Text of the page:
Historical

The talk on UK-Korea relations by Sir Thomas Harris KBE CMG, held at Gresham College on Friday 27th of June, was both a stimulating and ultimately uplifting account of the diplomatic and economic interactions between the two countries before and after the Korean War. Amongst his various international posts as a businessman and diplomat, Sir […]

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The Art of Printing: Korea’s Evolving Printing Types

by Philip Gowman 5 April 2014
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Organised to coincide with the London Book Fair, this exhibition at the KCC is curated by the Korean Publishers Association: The Art of Printing: Korea’s Evolving Printing Types Exhibition Dates: 07 April 2014 – 14 June 2014 Venue: Korean Cultural Centre UK The World’s Oldest Wooden and Metal Printing Technologies – Korea’s Printing Culture presented […]

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Raindrops over Joseon – Sejong’s Cheugugi

by Matthew Jackson 22 October 2011
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King Sejong is most famous for the creation of the Korean alphabet, Hangul, which remains in use today. His whole career as king was underpinned by the philosophy that a king must serve his people, and this philosophy gave rise to many advances in science and culture that benefited the people of Korea. One less […]

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Is there a doctor in the peninsula? – Heo Jun and the Donguibogam medical textbook

by Matthew Jackson 26 August 2011
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Known as one of the greatest books in the history of Eastern medicine, the Donguibogam was composed by Heo Jun, a court physician in the early 17th century, and is today included as part of UNESCO’s World Heritage list. Despite the huge advances in medicine since that time, it is still referred to by doctors […]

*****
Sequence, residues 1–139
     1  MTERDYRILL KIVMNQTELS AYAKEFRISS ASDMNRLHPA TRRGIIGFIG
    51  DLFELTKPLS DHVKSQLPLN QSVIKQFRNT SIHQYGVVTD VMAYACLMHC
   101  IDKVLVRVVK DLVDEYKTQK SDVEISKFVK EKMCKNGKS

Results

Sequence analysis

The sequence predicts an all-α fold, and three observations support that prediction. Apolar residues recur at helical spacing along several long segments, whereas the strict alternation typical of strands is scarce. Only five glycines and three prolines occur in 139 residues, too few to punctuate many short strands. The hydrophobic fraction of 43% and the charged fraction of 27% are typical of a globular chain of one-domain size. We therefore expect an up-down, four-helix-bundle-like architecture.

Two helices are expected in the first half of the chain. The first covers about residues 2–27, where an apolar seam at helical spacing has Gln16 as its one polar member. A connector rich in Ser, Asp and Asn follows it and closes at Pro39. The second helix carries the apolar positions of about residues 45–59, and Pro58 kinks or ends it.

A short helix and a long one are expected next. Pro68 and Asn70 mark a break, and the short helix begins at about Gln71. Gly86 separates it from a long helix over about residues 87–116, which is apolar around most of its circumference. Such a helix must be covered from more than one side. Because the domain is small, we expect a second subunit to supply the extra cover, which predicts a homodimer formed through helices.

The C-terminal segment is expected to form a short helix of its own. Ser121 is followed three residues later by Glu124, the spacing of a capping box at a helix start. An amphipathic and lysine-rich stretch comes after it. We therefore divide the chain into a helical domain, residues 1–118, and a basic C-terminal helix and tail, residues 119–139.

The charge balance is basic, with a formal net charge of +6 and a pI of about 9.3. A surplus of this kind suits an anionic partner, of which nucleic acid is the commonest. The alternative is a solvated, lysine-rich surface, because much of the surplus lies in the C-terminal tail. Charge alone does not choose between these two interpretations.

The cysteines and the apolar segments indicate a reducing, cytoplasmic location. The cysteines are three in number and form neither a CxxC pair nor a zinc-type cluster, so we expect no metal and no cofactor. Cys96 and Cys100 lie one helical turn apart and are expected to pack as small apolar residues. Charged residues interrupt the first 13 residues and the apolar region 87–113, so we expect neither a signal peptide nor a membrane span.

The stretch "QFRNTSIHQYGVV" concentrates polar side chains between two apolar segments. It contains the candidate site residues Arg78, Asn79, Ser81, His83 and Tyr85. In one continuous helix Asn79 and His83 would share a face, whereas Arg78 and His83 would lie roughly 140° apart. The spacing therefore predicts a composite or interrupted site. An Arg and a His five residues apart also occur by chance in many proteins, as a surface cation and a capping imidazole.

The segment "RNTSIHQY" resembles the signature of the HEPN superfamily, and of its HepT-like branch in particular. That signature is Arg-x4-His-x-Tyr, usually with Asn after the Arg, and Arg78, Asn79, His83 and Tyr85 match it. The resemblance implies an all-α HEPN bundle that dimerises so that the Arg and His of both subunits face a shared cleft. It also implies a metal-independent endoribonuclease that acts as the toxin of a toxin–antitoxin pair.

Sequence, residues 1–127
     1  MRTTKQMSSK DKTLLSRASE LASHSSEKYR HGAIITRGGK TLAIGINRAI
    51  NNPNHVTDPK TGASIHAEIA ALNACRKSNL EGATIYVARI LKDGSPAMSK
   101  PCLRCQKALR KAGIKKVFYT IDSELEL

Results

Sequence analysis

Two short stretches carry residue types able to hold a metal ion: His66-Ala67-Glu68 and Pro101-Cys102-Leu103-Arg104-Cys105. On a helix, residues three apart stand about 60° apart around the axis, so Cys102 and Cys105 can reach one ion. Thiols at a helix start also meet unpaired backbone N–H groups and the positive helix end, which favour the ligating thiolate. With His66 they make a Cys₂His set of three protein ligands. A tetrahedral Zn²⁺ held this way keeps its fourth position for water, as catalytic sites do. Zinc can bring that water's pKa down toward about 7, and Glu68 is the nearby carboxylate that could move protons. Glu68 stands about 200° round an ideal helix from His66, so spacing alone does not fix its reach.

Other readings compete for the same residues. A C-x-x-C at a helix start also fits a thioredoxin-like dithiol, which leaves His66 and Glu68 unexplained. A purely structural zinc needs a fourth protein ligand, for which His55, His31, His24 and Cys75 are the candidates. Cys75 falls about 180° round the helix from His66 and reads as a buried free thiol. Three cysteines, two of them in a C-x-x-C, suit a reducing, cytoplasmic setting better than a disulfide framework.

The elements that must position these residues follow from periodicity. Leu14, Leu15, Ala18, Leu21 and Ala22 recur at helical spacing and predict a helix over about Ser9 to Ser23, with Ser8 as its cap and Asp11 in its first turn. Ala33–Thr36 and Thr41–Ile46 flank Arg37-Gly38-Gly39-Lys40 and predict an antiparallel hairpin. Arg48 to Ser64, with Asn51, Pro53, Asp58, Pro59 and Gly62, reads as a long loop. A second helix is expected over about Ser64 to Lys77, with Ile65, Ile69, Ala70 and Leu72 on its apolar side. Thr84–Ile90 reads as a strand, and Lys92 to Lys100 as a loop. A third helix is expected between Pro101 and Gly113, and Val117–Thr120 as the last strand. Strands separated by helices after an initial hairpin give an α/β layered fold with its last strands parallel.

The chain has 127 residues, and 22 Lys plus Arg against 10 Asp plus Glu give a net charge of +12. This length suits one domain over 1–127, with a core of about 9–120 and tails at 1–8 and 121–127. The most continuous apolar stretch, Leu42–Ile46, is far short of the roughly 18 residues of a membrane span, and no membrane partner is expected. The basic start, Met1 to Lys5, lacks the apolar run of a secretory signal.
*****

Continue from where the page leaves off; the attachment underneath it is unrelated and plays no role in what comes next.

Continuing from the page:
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Rediscovering the Lost Kingdom of Baekche

by Matthew Jackson 3 August 2011
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History, according to the saying, is written by the victors. The unification of the three kingdoms of Korea under Silla in 668 AD solved the problem of constant war in the peninsula, but created a significant problem for modern day historians, in that very little of the culture and heritage of Baekche (BC 18~AD 660) […]

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The Changdeokgung’s Injeong Hall – Welcome to the Rock Show!

by Matthew Jackson 20 July 2011
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When I visited Changdeok Palace in Seoul, my attention was naturally focussed mainly on the buildings themselves. One of these buildings is the Injeong Hall (Injeongjeon), which was used for important celebrations and ceremonies. The unassuming forecourt one walks through to enter the hall was been designed with great care, but for the unsuspecting observer […]

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The Life and Teachings of Master Wonhyo

by Matthew Jackson 13 June 2011
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The life of Master Wonhyo (617-686 A.D.) is a typical Korean paradox. He was a scholar who composed over 100 works on Buddhist philosophy, whose influence in scholarship and teaching was felt in China and other surrounding countries. He is acknowledged today as the foremost figure in the history of Korean Buddhism. And yet, many […]

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Korea in the mid-fifties – historic slides

by Philip Gowman 25 March 2011
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Two upcoming opportunities to see historic photographs of the Korean peninsula in the 1950s. First, courtesy of the Anglo Korean Society, photos of South Korea at the KCC. Details below. Watch this space for photos of North Korea at SOAS in May. KOREA IN THE MID-FIFTIES – HISTORIC SLIDES A talk and slide show by […]

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Three Korean traditions named world treasures

by Philip Gowman 21 November 2010